Meteorology: the priest of storms
The Belen College of the Company of Jesus, founded in the city of Havana in 1854, created and maintained for several decades in its monumental building on Acosta street between Compostela and Picota, a unique meteorology observatory whose contribution to the development of this Science on and off the island was extraordinary.
Inaugurated in 1857, the Observatory of the Royal College of Bethlehem was nourished by the vast experience that the religious order had achieved by maintaining several meteorological institutions in operation, one of them in the Vatican, two in the United Kingdom, and another in Belgium.
In its beginning, the Havana Observatory served as a teaching institution, closely linked to the explanation and objectives of subjects such as physics and mathematics. There the pupils who received their classes practiced by keeping records of temperature, those of the rain that fell, atmospheric pressure, or the direction and intensity of the winds.
This information, rigorously compiled with the help of the teachers, was recorded in tables and graphs, which were the starting point of the scientific legacy of Father Benito Viñes Martorell, a priest interested in the state and forecasts of the weather, climate and the atmospheric environment. Sent to Cuba by the Society of Jesus in 1870, Father Viñes —was of Catalonian origin and had been born in Pobeda, Tarragona on September 19, 1837— arrived in Havana with knowledge acquired in Spain and France.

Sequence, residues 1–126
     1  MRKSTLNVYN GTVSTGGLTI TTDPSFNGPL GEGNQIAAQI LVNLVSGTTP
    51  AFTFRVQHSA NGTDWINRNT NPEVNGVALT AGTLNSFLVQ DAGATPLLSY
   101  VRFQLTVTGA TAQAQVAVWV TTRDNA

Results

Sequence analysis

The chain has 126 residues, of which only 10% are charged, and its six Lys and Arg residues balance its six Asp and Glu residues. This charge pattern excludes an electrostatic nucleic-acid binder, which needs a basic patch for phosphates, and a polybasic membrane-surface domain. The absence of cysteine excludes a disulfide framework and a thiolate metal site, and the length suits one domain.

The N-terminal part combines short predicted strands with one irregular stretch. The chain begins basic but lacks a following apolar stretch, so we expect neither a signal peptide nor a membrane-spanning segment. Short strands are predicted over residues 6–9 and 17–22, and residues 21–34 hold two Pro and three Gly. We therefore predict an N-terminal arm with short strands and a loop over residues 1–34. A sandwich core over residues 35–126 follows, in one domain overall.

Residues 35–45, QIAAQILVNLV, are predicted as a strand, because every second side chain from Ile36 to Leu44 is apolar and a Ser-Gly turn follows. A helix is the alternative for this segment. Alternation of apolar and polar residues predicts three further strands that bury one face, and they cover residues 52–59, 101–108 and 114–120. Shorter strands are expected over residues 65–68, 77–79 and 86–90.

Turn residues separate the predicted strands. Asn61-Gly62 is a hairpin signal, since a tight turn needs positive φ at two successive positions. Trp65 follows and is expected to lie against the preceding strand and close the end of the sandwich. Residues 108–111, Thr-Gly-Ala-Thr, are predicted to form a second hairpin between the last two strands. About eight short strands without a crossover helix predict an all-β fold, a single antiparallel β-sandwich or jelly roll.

His task was to direct the Meteorological Observatory that his order had founded in a region of the world prone to changes in the weather and in an area frequently hit by storms. The laws of Viñes were for a long time the vademecum of navigators and experts in the studies of the weather and the atmospheric environment.
In 1873 he managed, for his institution, the acquisition of a mechanical instrument of novel technology of which very few existed in the world, the Secchi Meteorograph, capable of simultaneously and continuously record the variables of temperature, atmospheric pressure, speed and direction of the wind and rainfall. This modern instrument operated by the priest, by then recognized as one of the most brilliant meteorologists of his time, equated the Havana Observatory with other similar ones of the highest level and scientific competence on a planetary scale.
It was Father Viñes who wrote on September 11, 1875, the first tropical cyclone warning that was published in the Havana press, as well as who had the scoop on the trajectory forecast for a cyclonic organism.